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J Psychopharmacol. 2014 Sep;28(9):857-65. doi: 10.1177/0269881114527360. Epub 2014 Mar 26.

Amphetamine sensitisation and memory in healthy human volunteers: a functional magnetic resonance imaging study.

Author information

1
Cognition, Schizophrenia and Imaging Laboratory, King's College London, London, UK Centre for Neuroimaging Sciences, King's College London, London, UK o.o'daly@kcl.ac.uk.
2
Cognition, Schizophrenia and Imaging Laboratory, King's College London, London, UK.
3
Cognition, Schizophrenia and Imaging Laboratory, King's College London, London, UK Oxleas NHS Foundation Trust, London, UK.
4
Department of Economics, University of Zürich, Zürich, Switzerland Wellcome Trust Centre for Neuroimaging, University College London, London, UK.
5
Department of Psychosis Studies, King's College London, London, UK.
6
Cognition, Schizophrenia and Imaging Laboratory, King's College London, London, UK The National Psychosis Unit, South London and Maudsley NHS Foundation Trust, London, UK.

Abstract

Amphetamine sensitisation (AS) is an established animal model of the hypersensitivity to psychostimulants seen in patients with schizophrenia. AS also models the dysregulation of mesolimbic dopamine signalling which has been implicated in the development of psychotic symptoms. Recent data suggest that the enhanced excitability of mesolimbic dopamine neurons in AS is driven by a hyperactivity of hippocampal (subiculum) neurons, consistent with a strong association between hippocampal dysfunction and schizophrenia. While AS can be modelled in human volunteers, its functional consequences on dopaminoceptive brain regions (i.e. striatum and hippocampus) remains unclear. Here we describe the effects of a sensitising dosage pattern of dextroamphetamine on the neural correlates of motor sequence learning in healthy volunteers, within a randomised, double-blind, parallel-groups design. Behaviourally, sensitisation was characterised by enhanced subjective responses to amphetamine but did not change performance (i.e. learning rate) during an explicit sequence learning task. In contrast, functional magnetic resonance imaging (fMRI) measurements showed that repeated intermittent amphetamine exposure was associated with increased blood-oxygen-level dependent (BOLD) signal within the medial temporal lobe (MTL) (subiculum/entorhinal cortex) and midbrain, in the vicinity of the substantia nigra/ventral tegmental area (SN/VTA) during sequence encoding. Importantly, MTL hyperactivity correlated with the sensitisation of amphetamine-induced attentiveness. The MTL-midbrain hyperactivity reported here mirrors observations in sensitised rodents and is consistent with contemporary models of schizophrenia and behavioural sensitisation. These findings of meso-hippocampal hyperactivity during AS thus link pathophysiological concepts of dopamine dysregulation to cognitive models of psychosis.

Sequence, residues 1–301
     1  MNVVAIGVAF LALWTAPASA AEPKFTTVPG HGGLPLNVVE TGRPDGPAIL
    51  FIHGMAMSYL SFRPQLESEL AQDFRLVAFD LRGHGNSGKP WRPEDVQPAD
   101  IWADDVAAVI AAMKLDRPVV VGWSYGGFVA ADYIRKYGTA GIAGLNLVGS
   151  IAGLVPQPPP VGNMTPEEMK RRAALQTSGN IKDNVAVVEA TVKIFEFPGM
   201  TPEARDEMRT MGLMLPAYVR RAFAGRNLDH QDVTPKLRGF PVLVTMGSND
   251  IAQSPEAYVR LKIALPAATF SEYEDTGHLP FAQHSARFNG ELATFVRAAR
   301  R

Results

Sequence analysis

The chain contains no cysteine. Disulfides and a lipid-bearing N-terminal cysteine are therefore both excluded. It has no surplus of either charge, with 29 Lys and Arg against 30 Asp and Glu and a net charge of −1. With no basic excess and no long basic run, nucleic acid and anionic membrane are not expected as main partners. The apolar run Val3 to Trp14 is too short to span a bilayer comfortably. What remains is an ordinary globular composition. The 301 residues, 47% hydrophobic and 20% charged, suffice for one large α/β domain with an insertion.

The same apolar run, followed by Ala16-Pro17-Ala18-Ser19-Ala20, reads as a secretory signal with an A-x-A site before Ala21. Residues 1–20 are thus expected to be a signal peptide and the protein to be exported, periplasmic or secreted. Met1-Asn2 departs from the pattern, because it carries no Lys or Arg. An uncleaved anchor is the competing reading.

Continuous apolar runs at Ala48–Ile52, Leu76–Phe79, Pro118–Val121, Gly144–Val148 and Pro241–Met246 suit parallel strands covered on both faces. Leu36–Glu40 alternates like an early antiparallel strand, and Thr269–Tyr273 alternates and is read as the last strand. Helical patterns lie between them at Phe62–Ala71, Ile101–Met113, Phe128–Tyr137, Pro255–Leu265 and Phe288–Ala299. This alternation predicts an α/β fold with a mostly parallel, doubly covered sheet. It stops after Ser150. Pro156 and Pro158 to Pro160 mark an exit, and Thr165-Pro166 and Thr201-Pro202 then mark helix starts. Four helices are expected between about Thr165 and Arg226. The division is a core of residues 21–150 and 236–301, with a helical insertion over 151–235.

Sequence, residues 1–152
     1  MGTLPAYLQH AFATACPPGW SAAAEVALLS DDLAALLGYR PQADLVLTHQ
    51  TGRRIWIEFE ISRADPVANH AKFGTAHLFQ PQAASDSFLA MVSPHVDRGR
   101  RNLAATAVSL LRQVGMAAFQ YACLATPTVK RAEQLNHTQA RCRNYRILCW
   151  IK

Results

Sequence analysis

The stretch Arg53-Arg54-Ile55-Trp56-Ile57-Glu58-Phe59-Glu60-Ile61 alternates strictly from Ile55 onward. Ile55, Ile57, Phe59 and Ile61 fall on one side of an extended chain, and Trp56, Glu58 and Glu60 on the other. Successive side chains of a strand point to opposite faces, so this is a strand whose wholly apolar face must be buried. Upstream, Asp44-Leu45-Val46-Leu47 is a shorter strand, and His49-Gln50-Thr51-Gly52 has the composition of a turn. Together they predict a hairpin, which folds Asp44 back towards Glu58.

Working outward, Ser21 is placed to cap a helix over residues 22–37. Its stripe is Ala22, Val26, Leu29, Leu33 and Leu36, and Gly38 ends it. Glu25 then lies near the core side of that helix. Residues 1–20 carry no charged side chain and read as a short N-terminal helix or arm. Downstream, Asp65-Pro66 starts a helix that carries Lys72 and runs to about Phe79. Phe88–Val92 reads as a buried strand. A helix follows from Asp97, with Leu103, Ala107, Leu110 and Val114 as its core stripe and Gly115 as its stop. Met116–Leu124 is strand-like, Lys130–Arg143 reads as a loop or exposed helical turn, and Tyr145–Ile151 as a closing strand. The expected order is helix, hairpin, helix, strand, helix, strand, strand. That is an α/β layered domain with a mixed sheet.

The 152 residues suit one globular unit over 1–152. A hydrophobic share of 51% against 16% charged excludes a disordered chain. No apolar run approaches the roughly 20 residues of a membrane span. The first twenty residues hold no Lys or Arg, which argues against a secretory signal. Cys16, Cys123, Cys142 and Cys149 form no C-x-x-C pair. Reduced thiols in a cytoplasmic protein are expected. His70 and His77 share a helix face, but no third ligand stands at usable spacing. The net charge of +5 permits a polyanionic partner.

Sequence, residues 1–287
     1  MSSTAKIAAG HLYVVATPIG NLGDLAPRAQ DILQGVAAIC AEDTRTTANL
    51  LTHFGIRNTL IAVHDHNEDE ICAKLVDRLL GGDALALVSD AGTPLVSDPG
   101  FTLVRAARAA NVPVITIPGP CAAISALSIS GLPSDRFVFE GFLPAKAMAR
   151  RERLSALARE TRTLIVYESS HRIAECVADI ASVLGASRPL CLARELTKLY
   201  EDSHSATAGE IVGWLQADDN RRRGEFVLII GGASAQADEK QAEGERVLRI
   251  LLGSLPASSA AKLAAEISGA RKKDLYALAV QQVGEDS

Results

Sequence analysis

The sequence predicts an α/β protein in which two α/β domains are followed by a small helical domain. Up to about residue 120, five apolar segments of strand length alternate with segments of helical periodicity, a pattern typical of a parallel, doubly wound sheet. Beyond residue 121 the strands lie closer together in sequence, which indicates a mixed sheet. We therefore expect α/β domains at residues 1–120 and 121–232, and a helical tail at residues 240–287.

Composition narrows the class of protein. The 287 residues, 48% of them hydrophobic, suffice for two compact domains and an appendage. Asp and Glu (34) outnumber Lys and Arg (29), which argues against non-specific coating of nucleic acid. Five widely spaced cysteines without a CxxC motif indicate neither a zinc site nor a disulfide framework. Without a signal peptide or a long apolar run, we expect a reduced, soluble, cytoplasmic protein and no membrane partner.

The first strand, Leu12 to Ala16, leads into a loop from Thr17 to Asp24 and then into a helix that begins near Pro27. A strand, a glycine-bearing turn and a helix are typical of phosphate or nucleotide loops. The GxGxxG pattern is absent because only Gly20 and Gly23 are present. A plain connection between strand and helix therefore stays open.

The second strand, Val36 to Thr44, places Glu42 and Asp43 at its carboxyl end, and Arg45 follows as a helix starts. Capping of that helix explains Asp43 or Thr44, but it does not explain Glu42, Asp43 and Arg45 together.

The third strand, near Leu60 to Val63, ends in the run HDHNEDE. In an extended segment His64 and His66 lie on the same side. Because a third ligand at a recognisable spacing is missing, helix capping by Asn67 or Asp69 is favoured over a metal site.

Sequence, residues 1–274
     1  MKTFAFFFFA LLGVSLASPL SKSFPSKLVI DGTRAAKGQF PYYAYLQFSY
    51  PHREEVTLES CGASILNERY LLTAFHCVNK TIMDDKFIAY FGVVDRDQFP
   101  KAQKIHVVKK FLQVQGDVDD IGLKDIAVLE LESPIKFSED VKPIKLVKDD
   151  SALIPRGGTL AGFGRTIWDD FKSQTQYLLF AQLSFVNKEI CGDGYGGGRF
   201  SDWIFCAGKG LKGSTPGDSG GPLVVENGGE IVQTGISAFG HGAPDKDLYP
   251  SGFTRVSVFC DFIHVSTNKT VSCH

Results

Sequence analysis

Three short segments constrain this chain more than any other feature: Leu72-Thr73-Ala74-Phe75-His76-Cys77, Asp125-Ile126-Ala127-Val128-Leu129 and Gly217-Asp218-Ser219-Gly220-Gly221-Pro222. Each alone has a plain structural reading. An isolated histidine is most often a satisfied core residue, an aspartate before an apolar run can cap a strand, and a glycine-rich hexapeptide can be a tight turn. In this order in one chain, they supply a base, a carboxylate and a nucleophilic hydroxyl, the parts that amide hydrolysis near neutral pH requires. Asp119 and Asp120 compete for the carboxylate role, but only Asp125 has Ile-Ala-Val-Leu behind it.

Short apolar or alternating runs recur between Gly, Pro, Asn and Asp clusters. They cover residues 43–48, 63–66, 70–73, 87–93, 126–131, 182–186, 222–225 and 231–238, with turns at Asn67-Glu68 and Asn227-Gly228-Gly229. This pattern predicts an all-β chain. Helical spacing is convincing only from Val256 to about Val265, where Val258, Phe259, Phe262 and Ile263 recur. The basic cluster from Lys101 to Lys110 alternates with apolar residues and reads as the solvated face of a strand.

KEYWORDS:

Amphetamine; dopamine; medial temporal lobe; midbrain; motor learning; sensitisation

PMID:
24671338
DOI:
10.1177/0269881114527360
[Indexed for MEDLINE]

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